Purpose: In randomized trials the combination of cispla- tin and paclitaxel was superior to cisplatin and cyclophos- phamide in advanced-stage epithelial ovarian cancer. Al- though in nonrandomized trials, carboplatin and paclitaxel was a less toxic and highly active combination regimen, there remained concern regarding its efficacy in patients with small-volume, resected, stage III disease. Thus, we conducted a noninferiority trial of cisplatin and paclitaxel versus carboplatin and paclitaxel in this population. Patients and Methods: Patients with advanced ovarian cancer and no residual mass greater than 1.0 cm after surgery were randomly assigned to receive cisplatin 75 mg/m2 plus a 24-hour infusion of paclitaxel 135 mg/m2 (arm I), or carboplatin area under the curve 7.5 intrave- nously plus paclitaxel 175 mg/m2 over 3 hours (arm II). Results: Seven hundred ninety-two eligible patients were enrolled onto the study. Prognostic factors were similar in the two treatment groups. Gastrointestinal, renal, and metabolic toxicity, as well as grade 4 leukopenia, were significantly more frequent in arm I. Grade 2 or greater thrombocytopenia was more common in arm II. Neurologic toxicity was similar in both regimens. Median progression- free survival and overall survival were 19.4 and 48.7 months, respectively, for arm I compared with 20.7 and 57.4 months, respectively, for arm II. The relative risk (RR) of progression for the carboplatin plus paclitaxel group was 0.88 (95% confidence interval [CI], 0.75 to 1.03) and the RR of death was 0.84 (95% CI, 0.70 to 1.02). Conclusion: In patients with advanced ovarian cancer, a chemotherapy regimen consisting of carboplatin plus pacli- taxel results in less toxicity, is easier to administer, and is not inferior, when compared with cisplatin plus paclitaxel.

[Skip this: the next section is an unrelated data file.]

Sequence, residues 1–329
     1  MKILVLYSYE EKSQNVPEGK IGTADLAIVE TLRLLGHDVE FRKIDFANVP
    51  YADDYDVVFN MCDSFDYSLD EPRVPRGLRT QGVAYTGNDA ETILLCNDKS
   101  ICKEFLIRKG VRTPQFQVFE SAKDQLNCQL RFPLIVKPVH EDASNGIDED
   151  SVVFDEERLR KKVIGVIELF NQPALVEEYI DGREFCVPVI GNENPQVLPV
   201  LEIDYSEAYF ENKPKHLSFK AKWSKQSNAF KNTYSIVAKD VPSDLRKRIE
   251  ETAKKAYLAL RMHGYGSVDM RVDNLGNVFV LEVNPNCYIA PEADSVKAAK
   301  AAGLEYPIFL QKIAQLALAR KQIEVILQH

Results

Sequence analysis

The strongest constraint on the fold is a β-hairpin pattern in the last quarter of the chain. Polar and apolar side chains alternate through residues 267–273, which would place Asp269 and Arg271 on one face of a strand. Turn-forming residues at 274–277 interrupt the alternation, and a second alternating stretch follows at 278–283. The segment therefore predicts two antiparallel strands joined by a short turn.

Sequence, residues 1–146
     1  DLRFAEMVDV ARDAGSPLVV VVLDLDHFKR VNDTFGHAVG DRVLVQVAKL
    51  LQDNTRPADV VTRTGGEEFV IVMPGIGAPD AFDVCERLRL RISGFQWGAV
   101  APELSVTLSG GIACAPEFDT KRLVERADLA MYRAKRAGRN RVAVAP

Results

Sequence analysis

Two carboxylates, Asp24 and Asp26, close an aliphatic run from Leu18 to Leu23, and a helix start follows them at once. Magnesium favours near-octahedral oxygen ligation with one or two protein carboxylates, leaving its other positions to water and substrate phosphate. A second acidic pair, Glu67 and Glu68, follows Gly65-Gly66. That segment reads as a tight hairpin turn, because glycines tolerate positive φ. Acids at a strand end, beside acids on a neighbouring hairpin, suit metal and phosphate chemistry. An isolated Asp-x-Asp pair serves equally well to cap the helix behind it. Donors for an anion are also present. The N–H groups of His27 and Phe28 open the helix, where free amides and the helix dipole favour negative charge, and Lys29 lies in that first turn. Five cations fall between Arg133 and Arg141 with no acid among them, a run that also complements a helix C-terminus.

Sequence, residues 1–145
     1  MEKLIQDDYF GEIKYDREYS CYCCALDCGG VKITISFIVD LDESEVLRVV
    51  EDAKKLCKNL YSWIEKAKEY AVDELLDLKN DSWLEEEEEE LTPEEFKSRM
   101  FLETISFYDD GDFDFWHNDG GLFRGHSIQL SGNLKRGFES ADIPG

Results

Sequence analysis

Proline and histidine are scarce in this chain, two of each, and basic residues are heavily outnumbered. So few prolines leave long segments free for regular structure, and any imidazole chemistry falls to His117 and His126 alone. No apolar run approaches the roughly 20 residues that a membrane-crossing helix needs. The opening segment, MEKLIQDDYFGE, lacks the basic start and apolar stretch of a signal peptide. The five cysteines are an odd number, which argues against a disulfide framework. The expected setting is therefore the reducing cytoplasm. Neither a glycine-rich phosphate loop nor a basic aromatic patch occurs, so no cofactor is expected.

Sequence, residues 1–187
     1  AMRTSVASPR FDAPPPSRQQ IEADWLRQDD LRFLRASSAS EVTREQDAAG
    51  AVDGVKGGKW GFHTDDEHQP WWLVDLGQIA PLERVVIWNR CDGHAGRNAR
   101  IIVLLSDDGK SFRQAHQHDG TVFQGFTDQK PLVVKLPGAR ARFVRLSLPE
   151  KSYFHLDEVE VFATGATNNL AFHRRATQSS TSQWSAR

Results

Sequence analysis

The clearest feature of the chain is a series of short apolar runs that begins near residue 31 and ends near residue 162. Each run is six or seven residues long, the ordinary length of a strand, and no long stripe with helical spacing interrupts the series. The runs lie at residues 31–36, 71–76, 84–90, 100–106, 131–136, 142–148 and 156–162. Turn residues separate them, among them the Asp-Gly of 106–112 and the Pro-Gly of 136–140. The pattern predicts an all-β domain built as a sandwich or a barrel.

(shows median if more than one score was entered)
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